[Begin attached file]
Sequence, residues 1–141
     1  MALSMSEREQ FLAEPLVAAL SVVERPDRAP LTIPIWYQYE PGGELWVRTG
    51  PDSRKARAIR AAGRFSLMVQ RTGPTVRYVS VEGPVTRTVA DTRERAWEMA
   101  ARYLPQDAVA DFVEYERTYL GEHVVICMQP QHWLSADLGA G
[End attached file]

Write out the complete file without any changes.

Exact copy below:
Sequence, residues 1–141
     1  MALSMSEREQ FLAEPLVAAL SVVERPDRAP LTIPIWYQYE PGGELWVRTG
    51  PDSRKARAIR AAGRFSLMVQ RTGPTVRYVS VEGPVTRTVA DTRERAWEMA
   101  ARYLPQDAVA DFVEYERTYL GEHVVICMQP QHWLSADLGA G